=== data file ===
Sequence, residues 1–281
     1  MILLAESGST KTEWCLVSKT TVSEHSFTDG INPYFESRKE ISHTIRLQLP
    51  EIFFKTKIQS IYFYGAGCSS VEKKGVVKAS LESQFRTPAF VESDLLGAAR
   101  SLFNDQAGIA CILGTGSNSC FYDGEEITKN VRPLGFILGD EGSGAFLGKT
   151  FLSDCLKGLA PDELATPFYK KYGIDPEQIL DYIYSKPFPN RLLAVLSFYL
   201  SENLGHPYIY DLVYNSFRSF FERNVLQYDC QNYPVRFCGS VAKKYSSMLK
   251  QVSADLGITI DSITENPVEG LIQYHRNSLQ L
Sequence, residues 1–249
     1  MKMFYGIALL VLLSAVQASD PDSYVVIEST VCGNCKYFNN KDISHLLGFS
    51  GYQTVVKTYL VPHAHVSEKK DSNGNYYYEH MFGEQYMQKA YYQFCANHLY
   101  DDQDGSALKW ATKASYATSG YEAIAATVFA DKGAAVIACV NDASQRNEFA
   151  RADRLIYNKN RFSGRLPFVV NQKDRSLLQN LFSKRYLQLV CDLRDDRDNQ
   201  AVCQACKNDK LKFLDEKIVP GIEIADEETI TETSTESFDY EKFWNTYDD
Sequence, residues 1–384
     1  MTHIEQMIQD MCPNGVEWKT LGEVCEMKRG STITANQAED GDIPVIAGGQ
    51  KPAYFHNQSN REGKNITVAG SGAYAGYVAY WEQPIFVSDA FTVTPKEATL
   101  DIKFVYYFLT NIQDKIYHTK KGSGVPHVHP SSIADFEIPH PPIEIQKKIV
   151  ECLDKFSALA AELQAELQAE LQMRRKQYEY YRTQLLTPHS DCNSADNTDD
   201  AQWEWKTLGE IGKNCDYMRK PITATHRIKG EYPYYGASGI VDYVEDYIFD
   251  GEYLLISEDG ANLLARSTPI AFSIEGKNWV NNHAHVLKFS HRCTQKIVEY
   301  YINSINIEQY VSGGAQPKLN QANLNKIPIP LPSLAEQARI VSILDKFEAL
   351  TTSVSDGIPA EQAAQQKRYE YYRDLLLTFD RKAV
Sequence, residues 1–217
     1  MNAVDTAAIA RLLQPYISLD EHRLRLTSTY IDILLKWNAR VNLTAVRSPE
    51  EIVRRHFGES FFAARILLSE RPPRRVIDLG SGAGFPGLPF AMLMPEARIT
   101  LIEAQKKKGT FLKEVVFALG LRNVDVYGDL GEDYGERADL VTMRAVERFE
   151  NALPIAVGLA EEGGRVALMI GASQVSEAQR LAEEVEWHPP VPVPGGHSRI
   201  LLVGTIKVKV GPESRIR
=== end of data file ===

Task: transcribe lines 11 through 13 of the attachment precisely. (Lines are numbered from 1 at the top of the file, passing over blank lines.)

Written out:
   101  DDQDGSALKW ATKASYATSG YEAIAATVFA DKGAAVIACV NDASQRNEFA
   151  RADRLIYNKN RFSGRLPFVV NQKDRSLLQN LFSKRYLQLV CDLRDDRDNQ
   201  AVCQACKNDK LKFLDEKIVP GIEIADEETI TETSTESFDY EKFWNTYDD